By on June 25, 2013


Volkswagen’s  R&D chief Dr. Ulrich Hackenberg is cautiously optimistic about the use of carbon fiber technologies in volume cars. Said Hackenberg today in Wolfsburg:

“Carbon fiber technology is still too expensive for volume cars. For some parts of the car it will make sense in the near future.Looking at the CPO2 and emission limits there are some areas in the car that will make sense. But not in the whole car.”

One area of the car that is likely to see carbon fiber components is the roof of the car. A CFRP roof can not just shave lbs off the car, it can also improve its ride. Explained Hackenberg:

“If I change a roof from steel to carbon fiber, I can save some 10 kg. If you have a low weight in the roof area, you lower the center of gravity, that’s good for the car.”

Hackenberg  said Volkswagen is testing the use of aluminum sheets and carbon fiber sheets for the next generation of the Passat, “and we have found ways to use these materials in a normal transfer facility to build a normal car.” The challenge here are new joining techniques that mate non-weldable CFRP with other materials such as aluminum or steel. The other challenge is to make CFRP parts fast enough to keep up with a mass-produced vehicle.

As we have seen in the report from the inside of the LFA production, pre-preg CFRP can take hours to assemble, and even more hours  to cure in the autoclave.

Hackenberg explained a technology, first used in the Porsche 918, where “the lower parts of  the safety cabin, up to the bottom of the A pillars, are done in one shot. We have a tool that closes, the CFRP material is brought into this form, the form is closed, then you inject the resin. Takes half an hour.”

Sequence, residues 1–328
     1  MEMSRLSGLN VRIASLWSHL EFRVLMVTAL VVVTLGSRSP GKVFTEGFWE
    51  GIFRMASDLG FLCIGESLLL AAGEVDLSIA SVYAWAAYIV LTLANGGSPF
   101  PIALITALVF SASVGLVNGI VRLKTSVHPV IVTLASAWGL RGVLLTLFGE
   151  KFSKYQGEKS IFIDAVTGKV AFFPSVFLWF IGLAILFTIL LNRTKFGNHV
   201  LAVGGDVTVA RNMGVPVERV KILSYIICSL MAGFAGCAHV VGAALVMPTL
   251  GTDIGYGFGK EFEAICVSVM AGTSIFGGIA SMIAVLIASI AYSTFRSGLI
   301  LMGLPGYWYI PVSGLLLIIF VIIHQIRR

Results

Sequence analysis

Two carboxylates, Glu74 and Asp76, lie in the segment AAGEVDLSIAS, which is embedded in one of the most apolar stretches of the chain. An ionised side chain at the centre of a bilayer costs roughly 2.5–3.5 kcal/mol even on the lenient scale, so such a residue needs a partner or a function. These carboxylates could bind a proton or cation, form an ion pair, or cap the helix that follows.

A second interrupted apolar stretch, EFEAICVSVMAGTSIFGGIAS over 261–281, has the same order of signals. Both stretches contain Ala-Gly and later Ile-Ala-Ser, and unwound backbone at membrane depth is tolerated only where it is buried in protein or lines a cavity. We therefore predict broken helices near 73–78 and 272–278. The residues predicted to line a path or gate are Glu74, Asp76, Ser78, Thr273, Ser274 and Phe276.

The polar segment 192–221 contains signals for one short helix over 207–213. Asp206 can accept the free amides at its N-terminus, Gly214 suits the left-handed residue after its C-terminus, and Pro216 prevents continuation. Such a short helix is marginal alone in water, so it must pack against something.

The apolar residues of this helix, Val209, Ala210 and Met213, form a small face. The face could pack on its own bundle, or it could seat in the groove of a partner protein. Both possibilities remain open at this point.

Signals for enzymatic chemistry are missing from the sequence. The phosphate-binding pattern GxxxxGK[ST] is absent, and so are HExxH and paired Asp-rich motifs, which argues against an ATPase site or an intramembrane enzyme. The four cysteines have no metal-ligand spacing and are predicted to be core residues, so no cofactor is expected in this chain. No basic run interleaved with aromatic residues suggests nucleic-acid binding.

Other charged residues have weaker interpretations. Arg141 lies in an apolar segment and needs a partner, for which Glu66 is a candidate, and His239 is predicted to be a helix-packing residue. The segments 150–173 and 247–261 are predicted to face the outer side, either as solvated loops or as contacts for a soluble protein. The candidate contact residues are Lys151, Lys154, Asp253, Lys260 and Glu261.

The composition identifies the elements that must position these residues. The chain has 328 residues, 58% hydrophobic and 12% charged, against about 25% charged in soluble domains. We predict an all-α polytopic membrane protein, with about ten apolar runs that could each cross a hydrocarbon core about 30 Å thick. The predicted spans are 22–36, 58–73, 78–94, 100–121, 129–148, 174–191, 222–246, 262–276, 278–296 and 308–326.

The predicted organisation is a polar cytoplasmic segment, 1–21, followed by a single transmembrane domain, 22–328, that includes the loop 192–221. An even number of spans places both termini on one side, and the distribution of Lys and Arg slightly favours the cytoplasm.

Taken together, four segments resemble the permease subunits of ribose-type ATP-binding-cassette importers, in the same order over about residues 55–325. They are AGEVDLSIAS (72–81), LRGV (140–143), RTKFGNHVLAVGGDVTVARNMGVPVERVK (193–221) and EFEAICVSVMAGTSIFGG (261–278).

This is still too slow for mass production, but Hackenberg hopes to bring down cycle times  to a few minutes, which would be similar to what  a roof from hot formed steel would take.


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4 Comments on “Hackenberg: Carbon Fiber Still Too Slow For Mass Produced Cars, But Getting There...”

  • avatar

    All Herr Hackenberg has to do is prescribe multiple vendor sites to pre-form CFRP roofs, so that they can be phased into the assembly line outside of the critical time-flow of production.


    • 0 avatar

      I think the issue is capital and labor costs. If a giant steel stamping machine can stamp out a roof in 2 min then you only need one (or maybe two) to support Chattanooga’s 30/per hour production rate. If a carbon fiber roof takes 30 min then you need at least 15 autoclaves and the people to staff them to support the same production rate.

      • 0 avatar

        jmo – –

        Yes, I am sure you’re right if done on the production line in Chattanooga. My point, though, was that if the pre-production of roofs is done by automatic facilities off-line at the CFRP vendor locations, then those multiple autoclave baking times won’t be part of the assembly times at the car plant. But you may still have a point about increased labor/material costs, regardless of where the roofs are made.


  • avatar

    I am glad they get it about roofs. It’s too bad that they make you get giant sunroofs that don’t even open on the A5/S5/RS5 here in the states though..WTF. Glass is heavier then steel or carbon fiber.

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